Decoding Rett syndrome: New pieces to the puzzle

June 17, 2013
(Medical Xpress)—Rett Syndrome is a neurological disorder that affects about 1 in 10,000 girls. Back in 1992, University of Edinburgh researcher Adrian Bird discovered that the protein, MeCP2, plays a major role in the ...

Recommended for you

Hibernating ground squirrels provide clues to new stroke treatments

November 17, 2017
In the fight against brain damage caused by stroke, researchers have turned to an unlikely source of inspiration: hibernating ground squirrels.

Age and gut bacteria contribute to multiple sclerosis disease progression

November 17, 2017
Researchers at Rutgers Robert Wood Johnson Medical School published a study suggesting that gut bacteria at young age can contribute to multiple sclerosis (MS) disease onset and progression.

Molecular guardian defends cells, organs against excess cholesterol

November 16, 2017
A team of researchers at the Harvard T. H. Chan School of Public Health has illuminated a critical player in cholesterol metabolism that acts as a molecular guardian in cells to help maintain cholesterol levels within a safe, ...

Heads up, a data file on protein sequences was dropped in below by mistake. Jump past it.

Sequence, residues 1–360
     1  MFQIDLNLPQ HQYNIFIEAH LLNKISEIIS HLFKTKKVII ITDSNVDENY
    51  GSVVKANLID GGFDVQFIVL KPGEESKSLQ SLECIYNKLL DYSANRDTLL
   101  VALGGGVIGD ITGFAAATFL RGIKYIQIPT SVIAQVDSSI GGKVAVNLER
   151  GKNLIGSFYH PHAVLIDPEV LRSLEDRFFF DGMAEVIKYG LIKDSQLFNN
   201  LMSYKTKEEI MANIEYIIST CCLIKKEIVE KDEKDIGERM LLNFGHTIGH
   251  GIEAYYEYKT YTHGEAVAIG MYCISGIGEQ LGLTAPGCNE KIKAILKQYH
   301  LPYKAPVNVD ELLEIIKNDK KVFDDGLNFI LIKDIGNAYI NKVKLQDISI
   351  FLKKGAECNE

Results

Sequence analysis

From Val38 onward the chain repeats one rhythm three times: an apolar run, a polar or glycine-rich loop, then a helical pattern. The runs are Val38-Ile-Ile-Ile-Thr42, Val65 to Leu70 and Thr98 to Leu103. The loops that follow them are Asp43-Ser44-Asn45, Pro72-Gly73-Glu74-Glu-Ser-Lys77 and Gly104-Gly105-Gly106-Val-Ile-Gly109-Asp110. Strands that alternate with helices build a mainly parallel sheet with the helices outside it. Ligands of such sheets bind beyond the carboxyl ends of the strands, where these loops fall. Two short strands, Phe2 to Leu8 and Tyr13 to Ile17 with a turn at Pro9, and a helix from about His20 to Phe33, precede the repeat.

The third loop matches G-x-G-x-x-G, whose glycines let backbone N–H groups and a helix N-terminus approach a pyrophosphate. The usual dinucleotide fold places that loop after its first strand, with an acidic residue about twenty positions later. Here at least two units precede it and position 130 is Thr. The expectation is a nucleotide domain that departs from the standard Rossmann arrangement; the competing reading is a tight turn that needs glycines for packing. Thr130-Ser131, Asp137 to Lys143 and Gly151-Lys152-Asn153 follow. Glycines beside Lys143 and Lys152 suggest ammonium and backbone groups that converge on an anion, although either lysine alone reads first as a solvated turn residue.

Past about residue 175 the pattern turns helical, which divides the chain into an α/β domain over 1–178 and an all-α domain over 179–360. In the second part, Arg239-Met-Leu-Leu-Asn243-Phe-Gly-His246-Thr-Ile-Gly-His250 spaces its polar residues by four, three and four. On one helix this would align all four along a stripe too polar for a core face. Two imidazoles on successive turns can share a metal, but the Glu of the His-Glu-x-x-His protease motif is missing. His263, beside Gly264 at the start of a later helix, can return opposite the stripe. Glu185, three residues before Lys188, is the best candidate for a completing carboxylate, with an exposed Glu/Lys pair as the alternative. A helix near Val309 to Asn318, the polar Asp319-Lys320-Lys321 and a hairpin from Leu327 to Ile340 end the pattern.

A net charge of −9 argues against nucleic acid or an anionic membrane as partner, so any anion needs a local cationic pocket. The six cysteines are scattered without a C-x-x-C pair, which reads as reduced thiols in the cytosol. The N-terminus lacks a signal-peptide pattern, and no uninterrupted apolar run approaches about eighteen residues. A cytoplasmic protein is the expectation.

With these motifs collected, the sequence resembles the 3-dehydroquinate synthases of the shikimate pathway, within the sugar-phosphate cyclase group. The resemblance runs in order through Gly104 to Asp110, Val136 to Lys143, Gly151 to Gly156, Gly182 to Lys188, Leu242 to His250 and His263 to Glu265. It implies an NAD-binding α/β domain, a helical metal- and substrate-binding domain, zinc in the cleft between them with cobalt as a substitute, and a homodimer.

Prototype ear plug sensor could improve monitoring of vital signs

November 16, 2017
Scientists have developed a sensor that fits in the ear, with the aim of monitoring the heart, brain and lungs functions for health and fitness.

Ancient enzyme could boost power of liquid biopsies to detect and profile cancers

November 16, 2017
Scientists are developing a set of medical tests called liquid biopsies that can rapidly detect the presence of cancers, infectious diseases and other conditions from only a small blood sample. Researchers at The University ...

FDA to crack down on risky stem cell offerings

November 16, 2017
U.S. health authorities announced plans Thursday to crack down on doctors pushing stem cell procedures that pose the gravest risks to patients amid an effort to police a burgeoning medical field that previously has received ...

0 comments

Please sign in to add a comment. Registration is free, and takes less than a minute. Read more

Click here to reset your password.
Sign in to get notified via email when new comments are made.